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From clearfell coupe to old-growth forest: Succession of bird assemblages in Tasmanian lowland wet eucalypt forests


Hingston, AB and Grove, S, From clearfell coupe to old-growth forest: Succession of bird assemblages in Tasmanian lowland wet eucalypt forests, Forest Ecology and Management, 259, (3) pp. 459-468. ISSN 0378-1127 (2010) [Refereed Article]

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DOI: doi:10.1016/j.foreco.2009.11.001


As forests undergo succession after major disturbance events their assemblages of birds also change. Thus the frequency and extent of wildfire or clearfelling in the landscape can potentially affect the species-richness and abundance of forest birds. We used a chronosequence approach to investigate succession of bird communities in Tasmanian lowland wet eucalypt forest, from shortly after disturbance through to old-growth forest aged approximately 200–250 years. The number of native bird species recorded per survey per site increased as a linear function of stand-age. However, succession did not involve a unidirectional transition in assemblage-composition because of differences in successional responses among individual species and also among guilds of birds that mostly inhabited different strata of the forest. This was exemplified by the crescent honeyeater, which was observed most frequently in the youngest (6–8 years) and oldest (200–250 years) forests that we surveyed, and by the superb lyrebird (introduced to Tasmania from mainland south-eastern Australia) which favoured mid-aged regrowth (42–43 years) after clearfelling. Forests aged 200–250 years had the greatest richness-per-survey of those native species that were observed mostly in the lower layer or mid-layer. However, the greatest richness-per-survey of canopy-dwelling species and the highest native species-richness across the survey period were found in forests aged around 150 years. Younger regrowth was generally less rich in birds, although regrowth in the first decade after clearfelling was the only seral stage inhabited by superb fairy-wrens. These results suggest that, in the Tasmanian lowland wet eucalypt forest landscape, species-richness of birds may be greatest when old-growth forest is interspersed with young regrowth forests. Hence for bird conservation, a challenge is to ensure that old-growth forest continues to prevail in the production forest landscape.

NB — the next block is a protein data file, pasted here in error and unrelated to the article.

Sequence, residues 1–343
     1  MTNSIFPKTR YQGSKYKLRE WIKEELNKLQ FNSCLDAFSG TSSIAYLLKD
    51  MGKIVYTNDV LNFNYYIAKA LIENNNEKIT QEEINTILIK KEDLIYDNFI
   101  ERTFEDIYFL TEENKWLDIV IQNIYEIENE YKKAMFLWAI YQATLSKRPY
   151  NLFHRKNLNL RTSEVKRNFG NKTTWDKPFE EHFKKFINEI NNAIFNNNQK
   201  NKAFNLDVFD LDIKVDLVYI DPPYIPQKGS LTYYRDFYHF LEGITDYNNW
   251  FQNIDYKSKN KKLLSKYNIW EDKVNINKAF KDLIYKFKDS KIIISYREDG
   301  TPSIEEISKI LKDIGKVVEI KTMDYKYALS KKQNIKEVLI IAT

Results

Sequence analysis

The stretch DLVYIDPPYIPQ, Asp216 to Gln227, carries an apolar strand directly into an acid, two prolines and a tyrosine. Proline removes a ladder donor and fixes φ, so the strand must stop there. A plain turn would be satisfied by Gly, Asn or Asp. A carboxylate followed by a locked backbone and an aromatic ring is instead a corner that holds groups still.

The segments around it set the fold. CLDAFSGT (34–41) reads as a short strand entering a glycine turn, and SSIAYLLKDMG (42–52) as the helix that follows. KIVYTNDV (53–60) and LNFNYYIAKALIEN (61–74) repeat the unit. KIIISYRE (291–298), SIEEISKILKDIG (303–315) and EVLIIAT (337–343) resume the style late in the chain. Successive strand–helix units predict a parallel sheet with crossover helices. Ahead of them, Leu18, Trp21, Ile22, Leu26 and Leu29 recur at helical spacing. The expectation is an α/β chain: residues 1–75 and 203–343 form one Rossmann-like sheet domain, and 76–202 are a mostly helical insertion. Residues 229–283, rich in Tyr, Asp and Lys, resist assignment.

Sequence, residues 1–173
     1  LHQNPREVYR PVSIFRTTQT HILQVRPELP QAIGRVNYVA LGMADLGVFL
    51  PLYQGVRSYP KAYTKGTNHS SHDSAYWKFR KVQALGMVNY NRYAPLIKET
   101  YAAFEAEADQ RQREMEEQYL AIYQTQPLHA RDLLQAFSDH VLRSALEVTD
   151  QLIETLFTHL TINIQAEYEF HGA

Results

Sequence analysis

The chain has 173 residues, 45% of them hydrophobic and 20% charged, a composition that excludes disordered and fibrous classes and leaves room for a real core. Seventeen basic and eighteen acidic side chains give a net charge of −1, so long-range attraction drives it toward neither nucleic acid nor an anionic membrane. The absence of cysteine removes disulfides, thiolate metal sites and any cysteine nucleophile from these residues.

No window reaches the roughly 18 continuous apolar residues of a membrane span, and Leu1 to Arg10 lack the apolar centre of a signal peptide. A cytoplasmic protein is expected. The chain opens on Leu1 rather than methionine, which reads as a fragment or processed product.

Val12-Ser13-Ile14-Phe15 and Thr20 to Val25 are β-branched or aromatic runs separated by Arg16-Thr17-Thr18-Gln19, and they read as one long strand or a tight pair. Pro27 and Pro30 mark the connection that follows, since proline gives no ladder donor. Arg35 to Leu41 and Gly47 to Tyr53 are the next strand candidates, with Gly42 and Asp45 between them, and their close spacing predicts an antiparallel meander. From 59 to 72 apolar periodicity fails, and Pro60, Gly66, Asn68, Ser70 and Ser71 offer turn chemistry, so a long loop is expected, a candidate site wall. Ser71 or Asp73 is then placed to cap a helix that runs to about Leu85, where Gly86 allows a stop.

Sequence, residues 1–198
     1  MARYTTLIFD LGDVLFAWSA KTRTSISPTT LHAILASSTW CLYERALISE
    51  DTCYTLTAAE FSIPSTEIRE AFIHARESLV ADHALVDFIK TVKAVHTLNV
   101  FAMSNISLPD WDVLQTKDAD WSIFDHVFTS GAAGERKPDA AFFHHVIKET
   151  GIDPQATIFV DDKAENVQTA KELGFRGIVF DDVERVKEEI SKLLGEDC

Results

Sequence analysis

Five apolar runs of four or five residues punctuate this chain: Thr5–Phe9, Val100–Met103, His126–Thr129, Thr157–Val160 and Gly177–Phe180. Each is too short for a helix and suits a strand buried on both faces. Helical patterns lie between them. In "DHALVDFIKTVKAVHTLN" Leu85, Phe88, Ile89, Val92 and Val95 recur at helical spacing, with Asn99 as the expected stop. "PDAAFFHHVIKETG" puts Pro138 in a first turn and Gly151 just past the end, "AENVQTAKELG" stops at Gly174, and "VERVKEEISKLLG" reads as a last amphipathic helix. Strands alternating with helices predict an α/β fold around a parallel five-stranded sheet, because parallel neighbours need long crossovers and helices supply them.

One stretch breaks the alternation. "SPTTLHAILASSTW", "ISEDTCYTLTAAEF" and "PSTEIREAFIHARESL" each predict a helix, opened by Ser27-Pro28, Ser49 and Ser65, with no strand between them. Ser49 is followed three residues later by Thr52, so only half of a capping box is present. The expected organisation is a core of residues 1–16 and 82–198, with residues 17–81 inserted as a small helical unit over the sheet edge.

Item Details

Item Type:Refereed Article
Keywords:Bird communities, clearcutting, Forest management, Silviculture, Stand-age, Wildfire
Research Division:Environmental Sciences
Research Group:Environmental management
Research Field:Conservation and biodiversity
Objective Division:Environmental Management
Objective Group:Terrestrial systems and management
Objective Field:Evaluation, allocation, and impacts of land use
UTAS Author:Hingston, AB (Mr Andrew Hingston)
ID Code:62728
Year Published:2010
Web of Science® Times Cited:9
Deposited By:Geography and Environmental Studies
Deposited On:2010-03-19
Last Modified:2011-03-28
Downloads:8 View Download Statistics

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